Origin: London, Ontario
BUDDAH’S BEST: THE STORY OF MOTHERLODE
Motherlode was a London-based band formed during January of 1969, with their heart and history birthed in Toronto’s unique, raw & rockin’ R&B scene.
Steve Kennedy (Sax & Harmonica) and William Smith (Keyboards) had briefly played in one of David Clayton Thomas’ many backing bands; prior to him joining Blood Sweat & Tears in 1968 (potentially the 1st or 2nd iteration of Combine). They found themselves band-less in the midst of one of music’s most interesting years; 1967. Toronto was live and alive throughout the decade and many bands were currently striking out on their own, trying to find some form of audience or success in the fruitful scene.
Eric Mercury and Dianne Brooks were popular singers in the scene, who decided to team up, and they began looking for a band. Steve Kennedy had known Eric Mercury from a previous group (whether both members or playing on the scene at the same time) and got the call; he brought William Smith with him.
They formed the basis of the group with Eric “Mouse” Johnson pickin’ up the sticks and Terry Logan on guitar and backing vocals. Given the relative clout that Eric and Dianne had on the scene, they had no trouble getting gigs at some of the top clubs in Yorkville and on the Yonge Street Strip; quickly becoming a popular live act. It was at one of their high-profile gigs that they caught the attention of a talent scout from New York.
Arrangements were made, bags were packed, and excitement was in the air. The band made their way to the “big apple” where a recording was planned, as well as a number of notable club dates; including most importantly a gig at “Steve Paul’s Scene.”
The venue was full, well past fire capacity and everybody was excited to see the Doors and The Chambers Brothers, who were riding high off recent chart success on both sides of the border. While slim odds were stacked against them, the Soul Searchers blew everyone away and quickly became favourites at certain venues around New York; eventually being rebooked at “Steve Paul’s Scene” and opening the New Year’s celebrations at “Scene East” (another Steve Paul joint).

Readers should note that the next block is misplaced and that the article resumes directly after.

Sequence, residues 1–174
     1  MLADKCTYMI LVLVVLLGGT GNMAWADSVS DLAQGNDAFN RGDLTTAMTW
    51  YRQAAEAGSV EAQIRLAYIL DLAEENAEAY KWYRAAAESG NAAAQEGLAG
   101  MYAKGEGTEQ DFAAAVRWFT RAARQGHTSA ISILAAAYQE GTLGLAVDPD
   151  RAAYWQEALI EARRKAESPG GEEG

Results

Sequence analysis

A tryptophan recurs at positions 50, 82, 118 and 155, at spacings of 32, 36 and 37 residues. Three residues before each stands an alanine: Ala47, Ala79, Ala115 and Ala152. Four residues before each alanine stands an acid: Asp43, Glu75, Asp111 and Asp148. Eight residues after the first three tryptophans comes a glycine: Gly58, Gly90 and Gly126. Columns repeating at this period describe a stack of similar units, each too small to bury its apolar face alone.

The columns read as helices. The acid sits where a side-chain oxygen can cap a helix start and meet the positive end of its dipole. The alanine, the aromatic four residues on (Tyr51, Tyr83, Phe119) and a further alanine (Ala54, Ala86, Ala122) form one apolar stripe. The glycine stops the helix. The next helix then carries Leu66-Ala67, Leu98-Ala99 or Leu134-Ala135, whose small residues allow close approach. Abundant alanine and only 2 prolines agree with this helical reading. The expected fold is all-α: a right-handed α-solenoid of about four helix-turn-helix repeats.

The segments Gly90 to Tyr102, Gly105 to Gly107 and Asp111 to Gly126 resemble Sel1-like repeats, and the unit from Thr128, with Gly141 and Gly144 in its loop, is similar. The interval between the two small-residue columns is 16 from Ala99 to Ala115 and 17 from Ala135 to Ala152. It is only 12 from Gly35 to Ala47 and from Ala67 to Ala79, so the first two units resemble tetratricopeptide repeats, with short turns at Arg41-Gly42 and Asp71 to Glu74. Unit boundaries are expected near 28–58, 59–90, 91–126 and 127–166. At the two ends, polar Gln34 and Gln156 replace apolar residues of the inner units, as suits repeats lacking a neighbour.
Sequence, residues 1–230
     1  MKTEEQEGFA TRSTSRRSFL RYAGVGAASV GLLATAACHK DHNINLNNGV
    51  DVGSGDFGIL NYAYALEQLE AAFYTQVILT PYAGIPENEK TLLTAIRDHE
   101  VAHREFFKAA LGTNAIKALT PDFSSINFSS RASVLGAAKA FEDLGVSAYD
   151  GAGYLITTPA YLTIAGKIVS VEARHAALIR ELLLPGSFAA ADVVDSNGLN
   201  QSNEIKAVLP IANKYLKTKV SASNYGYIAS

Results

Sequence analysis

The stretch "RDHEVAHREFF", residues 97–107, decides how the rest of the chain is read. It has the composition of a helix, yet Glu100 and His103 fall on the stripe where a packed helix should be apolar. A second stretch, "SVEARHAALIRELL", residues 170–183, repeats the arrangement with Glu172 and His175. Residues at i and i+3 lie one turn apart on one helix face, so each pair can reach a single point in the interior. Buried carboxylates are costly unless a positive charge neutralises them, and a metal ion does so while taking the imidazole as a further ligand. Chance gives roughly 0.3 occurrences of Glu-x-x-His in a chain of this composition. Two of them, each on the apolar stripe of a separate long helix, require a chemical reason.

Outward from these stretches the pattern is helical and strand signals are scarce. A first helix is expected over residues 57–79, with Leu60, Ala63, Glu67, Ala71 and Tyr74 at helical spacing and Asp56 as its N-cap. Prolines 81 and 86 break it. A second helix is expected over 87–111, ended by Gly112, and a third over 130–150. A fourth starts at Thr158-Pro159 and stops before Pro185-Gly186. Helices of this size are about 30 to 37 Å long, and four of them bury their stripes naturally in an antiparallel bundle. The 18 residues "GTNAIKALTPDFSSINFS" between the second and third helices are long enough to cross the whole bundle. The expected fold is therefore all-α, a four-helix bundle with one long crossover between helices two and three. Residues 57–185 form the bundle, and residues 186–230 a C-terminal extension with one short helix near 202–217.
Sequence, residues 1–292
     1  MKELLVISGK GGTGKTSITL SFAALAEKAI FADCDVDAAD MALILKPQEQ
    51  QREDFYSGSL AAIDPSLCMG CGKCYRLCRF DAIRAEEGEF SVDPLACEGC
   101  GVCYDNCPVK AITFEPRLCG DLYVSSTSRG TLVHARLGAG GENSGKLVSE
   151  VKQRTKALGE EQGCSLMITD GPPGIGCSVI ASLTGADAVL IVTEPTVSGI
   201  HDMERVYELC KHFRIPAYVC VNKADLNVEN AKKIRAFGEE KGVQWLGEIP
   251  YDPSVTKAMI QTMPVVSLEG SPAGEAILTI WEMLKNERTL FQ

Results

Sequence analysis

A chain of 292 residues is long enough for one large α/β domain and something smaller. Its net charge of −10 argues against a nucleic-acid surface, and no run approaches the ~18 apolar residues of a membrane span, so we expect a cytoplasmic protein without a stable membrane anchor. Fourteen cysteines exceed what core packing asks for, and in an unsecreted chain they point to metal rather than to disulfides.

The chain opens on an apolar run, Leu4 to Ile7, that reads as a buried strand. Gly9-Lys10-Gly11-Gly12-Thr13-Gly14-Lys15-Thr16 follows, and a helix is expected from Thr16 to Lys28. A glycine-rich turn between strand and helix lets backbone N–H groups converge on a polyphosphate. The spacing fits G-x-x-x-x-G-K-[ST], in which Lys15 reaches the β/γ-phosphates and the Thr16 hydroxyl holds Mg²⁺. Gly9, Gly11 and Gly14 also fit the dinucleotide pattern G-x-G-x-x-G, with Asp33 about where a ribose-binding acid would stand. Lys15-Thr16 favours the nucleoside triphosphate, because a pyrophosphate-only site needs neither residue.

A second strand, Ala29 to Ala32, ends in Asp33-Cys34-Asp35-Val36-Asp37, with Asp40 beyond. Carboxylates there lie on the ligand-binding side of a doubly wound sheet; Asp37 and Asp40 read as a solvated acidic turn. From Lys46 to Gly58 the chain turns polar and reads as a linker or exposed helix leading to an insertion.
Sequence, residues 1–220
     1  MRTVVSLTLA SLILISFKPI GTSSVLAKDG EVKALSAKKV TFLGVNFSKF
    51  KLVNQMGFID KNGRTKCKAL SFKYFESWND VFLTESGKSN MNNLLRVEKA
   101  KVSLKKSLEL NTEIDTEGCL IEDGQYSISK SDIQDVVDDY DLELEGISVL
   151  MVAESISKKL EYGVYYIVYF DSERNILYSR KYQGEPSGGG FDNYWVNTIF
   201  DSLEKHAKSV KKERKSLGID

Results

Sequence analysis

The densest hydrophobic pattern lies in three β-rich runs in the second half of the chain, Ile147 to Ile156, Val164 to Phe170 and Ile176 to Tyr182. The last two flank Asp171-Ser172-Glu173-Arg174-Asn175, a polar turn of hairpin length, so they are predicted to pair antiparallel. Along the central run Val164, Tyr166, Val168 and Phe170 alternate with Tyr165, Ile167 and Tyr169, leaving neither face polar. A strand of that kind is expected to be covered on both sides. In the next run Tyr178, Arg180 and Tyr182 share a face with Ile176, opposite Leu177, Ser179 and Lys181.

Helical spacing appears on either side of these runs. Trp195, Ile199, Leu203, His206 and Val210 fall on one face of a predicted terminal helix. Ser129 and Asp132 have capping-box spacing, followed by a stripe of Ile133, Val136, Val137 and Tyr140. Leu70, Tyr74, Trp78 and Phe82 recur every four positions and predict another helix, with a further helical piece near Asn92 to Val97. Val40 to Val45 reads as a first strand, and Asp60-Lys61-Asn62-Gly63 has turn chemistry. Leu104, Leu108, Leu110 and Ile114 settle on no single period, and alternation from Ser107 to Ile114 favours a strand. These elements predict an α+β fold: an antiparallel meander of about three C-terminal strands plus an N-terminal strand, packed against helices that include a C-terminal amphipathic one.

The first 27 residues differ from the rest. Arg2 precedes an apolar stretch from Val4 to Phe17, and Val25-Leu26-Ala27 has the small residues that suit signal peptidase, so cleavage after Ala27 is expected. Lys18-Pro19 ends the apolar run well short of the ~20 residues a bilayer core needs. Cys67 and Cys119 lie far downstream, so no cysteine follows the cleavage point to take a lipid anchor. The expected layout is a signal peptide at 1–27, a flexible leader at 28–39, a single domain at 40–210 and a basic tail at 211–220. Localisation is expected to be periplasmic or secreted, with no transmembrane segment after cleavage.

As 1968 got kicked off, there were serious hopes that given their growing popularity in New York that they may get signed by a major label. They went into the studio for the recording date previously mentioned, and “Lonely Girl/Lonely Girl Part 2” was recorded. A tantalizing slice of Northern Soul with a Motown shimmer, that saw limited US release, sunk like a stone and in present day commands 4 figure prices for the few copies still in circulation.
Unfortunately many problems began to rear their head for the group, most pressing of which was Dianne Brooks leaving after falling head over heels for a man she met while they were playing in New York. Opportunities quickly dried up, hype around the band dissipated, and they were on the bus home. They took a multi-week booking in the Maritimes, with which, the problems worsened. Eric Mercury longed for New York, the band grew tired of his attitude and mopishness regarding their lack of success, and reception in Halifax wasn’t great. The death blow of the band was dealt back in Toronto when they played a gig without Mercury and he was off to NYC. The band quickly broke up as Steve Kennedy and William Smith left to join Grant Smith & The Power.